3 ACC teams that look imminent to leave FBS powerhouse in wake of FSU triggered conference realignment

Images courtesy of Clemson and North Carolina Athletics
Images courtesy of Clemson and North Carolina Athletics

The votes from the Atlantic Coast Conference's Jan. 12 meeting on whether the conference should sue the Florida State Seminoles were revealed. While this is certainly something that indicates struggles, the ACC has been dealing with such issues for a while.

The voting is about officially counter-suing the university as Florida State attempts to make confidential documents public. Let's look at three teams that could be looking elsewhere for a conference to call home through conference realignment.

3 teams that could look to leave ACC

California Golden Bears

While the California Golden Bears are still not officially members of the Atlantic Coast Conference, they could already be planning their exit strategy. This is going to be interesting as the Golden Bears are not viewed as a top-tier program, as they were searching for a new conference after the collapse of the Pac-12 Conference.

With California not voting for the lawsuit against Florida State by the ACC, they will be potentially looking at their next option, and their stay with the Atlantic Coast Conference could be cut short.

North Carolina Tar Heels

The North Carolina Tar Heels also did not vote in favor of the Atlantic Coast Conference suing the Florida State Seminoles and could be a major factor in another conference's realignment. To be fair, they were in the interim stages of their university's chancellor, so they abstained from the vote.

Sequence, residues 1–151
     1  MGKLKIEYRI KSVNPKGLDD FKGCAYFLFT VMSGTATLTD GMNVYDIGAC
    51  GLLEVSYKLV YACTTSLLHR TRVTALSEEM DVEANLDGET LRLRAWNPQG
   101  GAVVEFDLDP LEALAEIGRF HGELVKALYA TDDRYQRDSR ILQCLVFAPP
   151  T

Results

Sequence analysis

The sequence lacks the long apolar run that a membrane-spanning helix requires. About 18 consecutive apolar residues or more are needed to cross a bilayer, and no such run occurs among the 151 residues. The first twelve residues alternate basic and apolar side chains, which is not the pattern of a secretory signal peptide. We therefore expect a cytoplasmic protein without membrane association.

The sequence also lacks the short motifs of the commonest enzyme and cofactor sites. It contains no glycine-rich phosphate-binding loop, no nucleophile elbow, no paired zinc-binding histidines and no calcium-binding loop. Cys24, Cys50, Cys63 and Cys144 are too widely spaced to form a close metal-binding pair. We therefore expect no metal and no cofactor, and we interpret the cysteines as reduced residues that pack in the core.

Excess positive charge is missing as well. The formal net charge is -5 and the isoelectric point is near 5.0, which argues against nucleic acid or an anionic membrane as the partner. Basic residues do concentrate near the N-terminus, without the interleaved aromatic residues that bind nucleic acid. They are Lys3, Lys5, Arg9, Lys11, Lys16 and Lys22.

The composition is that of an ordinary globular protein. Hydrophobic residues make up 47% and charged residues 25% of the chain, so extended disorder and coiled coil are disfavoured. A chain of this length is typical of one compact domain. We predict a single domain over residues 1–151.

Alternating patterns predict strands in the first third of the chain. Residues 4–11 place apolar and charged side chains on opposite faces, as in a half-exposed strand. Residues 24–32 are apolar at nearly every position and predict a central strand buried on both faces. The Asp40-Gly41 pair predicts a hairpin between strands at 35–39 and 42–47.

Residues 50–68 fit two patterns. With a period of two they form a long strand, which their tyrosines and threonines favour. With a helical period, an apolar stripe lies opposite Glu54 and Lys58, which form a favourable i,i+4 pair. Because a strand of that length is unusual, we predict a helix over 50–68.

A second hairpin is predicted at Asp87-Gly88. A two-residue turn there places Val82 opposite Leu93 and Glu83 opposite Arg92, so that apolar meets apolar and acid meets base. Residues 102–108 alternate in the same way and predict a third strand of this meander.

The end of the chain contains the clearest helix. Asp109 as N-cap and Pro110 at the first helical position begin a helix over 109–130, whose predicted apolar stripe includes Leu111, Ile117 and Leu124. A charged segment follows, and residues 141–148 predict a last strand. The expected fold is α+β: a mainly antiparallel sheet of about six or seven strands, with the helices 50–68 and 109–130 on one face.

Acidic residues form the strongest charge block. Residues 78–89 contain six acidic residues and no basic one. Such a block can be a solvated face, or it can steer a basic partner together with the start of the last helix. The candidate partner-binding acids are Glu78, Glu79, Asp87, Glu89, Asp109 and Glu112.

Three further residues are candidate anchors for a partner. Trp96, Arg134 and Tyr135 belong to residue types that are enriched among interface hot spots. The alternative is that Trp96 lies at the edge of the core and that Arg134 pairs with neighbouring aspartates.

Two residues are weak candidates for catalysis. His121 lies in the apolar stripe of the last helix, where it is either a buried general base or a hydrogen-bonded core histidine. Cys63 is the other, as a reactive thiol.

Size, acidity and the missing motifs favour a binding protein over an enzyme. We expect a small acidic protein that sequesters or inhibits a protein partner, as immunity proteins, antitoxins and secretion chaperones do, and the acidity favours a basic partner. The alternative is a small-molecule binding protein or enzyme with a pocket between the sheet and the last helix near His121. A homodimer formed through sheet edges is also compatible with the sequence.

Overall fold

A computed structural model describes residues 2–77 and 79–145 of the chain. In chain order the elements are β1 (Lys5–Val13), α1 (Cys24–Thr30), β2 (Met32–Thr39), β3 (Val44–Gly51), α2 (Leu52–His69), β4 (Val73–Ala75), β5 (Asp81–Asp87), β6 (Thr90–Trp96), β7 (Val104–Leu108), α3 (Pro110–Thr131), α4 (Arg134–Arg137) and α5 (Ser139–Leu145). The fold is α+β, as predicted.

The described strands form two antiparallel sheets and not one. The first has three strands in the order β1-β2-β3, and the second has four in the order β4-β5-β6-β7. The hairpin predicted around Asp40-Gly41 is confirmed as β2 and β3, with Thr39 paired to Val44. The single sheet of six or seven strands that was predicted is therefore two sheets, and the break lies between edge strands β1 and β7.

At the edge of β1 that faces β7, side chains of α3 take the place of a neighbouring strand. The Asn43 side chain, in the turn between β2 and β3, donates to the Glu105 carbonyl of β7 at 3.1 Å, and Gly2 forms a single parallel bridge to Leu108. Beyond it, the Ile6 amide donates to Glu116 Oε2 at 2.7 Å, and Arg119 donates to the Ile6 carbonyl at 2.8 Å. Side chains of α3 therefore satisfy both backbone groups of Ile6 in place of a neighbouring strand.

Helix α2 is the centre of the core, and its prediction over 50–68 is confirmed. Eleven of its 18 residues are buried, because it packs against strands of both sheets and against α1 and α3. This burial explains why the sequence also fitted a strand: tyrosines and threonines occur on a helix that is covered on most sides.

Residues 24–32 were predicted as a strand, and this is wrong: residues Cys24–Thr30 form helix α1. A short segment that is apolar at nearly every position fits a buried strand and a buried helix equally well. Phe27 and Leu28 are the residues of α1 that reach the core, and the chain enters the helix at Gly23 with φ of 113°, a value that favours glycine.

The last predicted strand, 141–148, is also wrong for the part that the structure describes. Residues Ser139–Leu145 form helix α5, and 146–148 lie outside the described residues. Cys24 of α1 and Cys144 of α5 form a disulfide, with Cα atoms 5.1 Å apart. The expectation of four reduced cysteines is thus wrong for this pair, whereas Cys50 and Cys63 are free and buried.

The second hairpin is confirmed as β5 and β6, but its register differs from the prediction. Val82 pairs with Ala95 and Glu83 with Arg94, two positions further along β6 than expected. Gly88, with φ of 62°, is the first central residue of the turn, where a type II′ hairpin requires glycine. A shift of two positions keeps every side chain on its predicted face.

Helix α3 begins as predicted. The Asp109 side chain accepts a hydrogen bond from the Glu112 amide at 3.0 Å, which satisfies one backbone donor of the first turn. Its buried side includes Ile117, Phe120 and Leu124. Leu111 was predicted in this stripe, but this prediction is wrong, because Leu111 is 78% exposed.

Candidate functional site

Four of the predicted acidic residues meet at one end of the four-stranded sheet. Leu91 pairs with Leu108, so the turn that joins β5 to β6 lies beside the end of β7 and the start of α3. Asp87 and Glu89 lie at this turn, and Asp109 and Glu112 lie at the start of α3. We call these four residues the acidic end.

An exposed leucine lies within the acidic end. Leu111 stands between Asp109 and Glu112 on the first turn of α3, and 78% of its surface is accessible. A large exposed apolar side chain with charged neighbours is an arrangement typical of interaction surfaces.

However, if they were to leave the ACC, the Tar Heels would get a lot of attention from multiple Power Five conferences. There is a lot of money out there for UNC as a dominant basketball and strong football program.

Clemson Tigers

The Clemson Tigers did not vote for the ACC to sue the Seminoles and, in fact, have their own lawsuit against the conference as this article is being written. The Tigers suing the conference could be reason alone to put them on this list.

Could the only other non-SEC team outside of the Michigan Wolverines to win a college football national championship in the last decade make more money in a conference other than the ACC? The answer is a predominant yes.

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